The movie is set in a small Senegalese village, on the eve of World War II. Tavernier shot on the actual location, and he achieves an absolutely convincing reality, right down to the reddish mud that has been splashed by the rain onto the yellowing stucco walls of the village sheds. His village is populated by lazy, corrupt French colonials, and by a supporting cast of Africans who drift through the background, unconcerned with the lives of the whites except when they have the misfortune to incur their wrath.

Lucien Cordier is the police chief here. Played by Philippe Noiret, he is a shambling, sloppy bureaucrat who keeps his intelligence well hidden. He holds the crushing boredom of his life somewhat at bay by practical jokes (like dumping a provincial officer through the outhouse floor) and sexual confusion (while Cordier's wife caresses the man who may or may not be her brother, Cordier has an affair with the local schoolteacher). All the colonials in this village have long since lost all self-respect, and none more than Cordier, who is openly taunted even by the village pimps.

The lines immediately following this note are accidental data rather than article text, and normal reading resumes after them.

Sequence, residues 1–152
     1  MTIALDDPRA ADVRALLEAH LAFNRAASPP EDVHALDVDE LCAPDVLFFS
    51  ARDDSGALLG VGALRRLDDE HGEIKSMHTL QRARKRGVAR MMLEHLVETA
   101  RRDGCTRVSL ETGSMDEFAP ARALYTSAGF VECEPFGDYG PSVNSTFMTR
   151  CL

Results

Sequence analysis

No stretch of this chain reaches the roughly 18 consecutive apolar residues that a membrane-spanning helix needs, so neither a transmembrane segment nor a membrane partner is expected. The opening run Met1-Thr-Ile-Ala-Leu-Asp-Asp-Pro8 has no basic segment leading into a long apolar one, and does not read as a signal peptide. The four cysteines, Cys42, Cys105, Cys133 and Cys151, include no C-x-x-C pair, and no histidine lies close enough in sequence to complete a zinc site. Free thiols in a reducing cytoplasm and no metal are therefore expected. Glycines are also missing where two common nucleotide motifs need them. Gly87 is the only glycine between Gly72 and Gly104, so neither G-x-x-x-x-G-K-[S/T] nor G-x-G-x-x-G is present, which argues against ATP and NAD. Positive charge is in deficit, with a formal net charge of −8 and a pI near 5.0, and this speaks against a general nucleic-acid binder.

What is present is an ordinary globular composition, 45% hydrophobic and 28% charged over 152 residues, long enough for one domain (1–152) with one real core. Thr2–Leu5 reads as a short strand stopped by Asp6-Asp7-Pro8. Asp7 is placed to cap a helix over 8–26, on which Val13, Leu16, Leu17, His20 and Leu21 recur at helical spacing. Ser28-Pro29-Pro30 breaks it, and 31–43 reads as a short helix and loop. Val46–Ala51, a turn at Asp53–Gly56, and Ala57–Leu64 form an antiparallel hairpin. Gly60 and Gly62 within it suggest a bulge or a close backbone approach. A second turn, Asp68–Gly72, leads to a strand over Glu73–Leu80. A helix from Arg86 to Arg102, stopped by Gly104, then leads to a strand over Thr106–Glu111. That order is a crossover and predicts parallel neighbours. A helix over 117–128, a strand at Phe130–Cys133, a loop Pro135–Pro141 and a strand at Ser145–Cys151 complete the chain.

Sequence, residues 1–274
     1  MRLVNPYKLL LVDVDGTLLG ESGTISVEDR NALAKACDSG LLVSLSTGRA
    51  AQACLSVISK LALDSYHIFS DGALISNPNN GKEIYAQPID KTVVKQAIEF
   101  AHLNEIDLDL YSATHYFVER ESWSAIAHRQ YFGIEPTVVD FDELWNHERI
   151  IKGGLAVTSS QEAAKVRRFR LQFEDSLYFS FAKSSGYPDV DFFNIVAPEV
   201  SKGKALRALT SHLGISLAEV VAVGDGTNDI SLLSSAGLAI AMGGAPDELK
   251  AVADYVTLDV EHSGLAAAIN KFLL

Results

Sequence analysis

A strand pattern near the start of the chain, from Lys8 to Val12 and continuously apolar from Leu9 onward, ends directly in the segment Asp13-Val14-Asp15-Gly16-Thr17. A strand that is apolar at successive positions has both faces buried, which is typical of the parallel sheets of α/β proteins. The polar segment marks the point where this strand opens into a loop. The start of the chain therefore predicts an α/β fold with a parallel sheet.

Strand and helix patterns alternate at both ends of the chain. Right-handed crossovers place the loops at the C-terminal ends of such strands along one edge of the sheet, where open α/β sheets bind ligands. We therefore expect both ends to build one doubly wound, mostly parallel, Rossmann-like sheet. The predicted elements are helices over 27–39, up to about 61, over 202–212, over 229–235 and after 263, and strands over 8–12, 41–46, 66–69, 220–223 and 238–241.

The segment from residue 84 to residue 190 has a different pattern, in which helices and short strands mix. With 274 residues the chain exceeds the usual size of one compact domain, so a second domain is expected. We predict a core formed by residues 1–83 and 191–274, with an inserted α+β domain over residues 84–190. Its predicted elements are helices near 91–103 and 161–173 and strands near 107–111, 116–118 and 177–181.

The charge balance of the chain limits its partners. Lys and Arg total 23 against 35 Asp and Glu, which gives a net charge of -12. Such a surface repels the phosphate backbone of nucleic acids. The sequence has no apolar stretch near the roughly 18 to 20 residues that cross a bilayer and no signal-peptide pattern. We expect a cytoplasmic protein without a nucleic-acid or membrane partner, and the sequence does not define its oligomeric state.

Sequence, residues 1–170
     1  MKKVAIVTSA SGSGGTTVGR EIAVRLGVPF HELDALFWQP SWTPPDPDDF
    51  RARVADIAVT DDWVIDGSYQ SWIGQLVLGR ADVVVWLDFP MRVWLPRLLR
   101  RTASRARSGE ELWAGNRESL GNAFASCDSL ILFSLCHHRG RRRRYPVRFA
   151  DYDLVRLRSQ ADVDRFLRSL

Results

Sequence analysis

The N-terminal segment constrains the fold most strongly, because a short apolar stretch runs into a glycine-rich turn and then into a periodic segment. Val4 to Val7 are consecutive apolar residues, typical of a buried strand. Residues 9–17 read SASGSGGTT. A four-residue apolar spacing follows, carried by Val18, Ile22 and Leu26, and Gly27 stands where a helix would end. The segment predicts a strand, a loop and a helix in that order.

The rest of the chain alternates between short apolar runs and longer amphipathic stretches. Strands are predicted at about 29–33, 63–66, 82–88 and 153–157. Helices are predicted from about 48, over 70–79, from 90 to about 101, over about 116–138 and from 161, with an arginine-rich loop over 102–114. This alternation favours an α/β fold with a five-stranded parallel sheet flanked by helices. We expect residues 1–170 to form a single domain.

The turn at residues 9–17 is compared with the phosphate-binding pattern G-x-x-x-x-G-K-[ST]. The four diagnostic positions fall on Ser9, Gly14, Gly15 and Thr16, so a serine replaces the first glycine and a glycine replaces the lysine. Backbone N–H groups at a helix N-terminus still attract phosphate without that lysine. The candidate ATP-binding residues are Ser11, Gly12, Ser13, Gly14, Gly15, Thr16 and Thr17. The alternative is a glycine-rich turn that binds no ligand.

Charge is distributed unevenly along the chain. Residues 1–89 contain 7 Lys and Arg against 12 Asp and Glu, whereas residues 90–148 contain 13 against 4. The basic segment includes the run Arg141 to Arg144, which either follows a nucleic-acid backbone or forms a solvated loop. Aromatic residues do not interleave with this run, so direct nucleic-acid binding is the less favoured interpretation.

One day, Cordier quite simply decides to start killing his enemies. He wants to start over with a clean slate (the title's English translation). He shoots the pimps, spreads false rumors about their fate, and then begins to kill, or arrange the deaths of those who offend him. On those rare occasions when he talks about what he has done, he strays precariously close to the hero of Albert Camus' "The Stranger," who found killing to be an assertion of his own existence. This story, which sounds so absorbing, is told by Tavernier in such a strange, distancing way that there's hardly a moment when we really believe we're observing plausible human beings. It's all just the manipulation of events and ideas.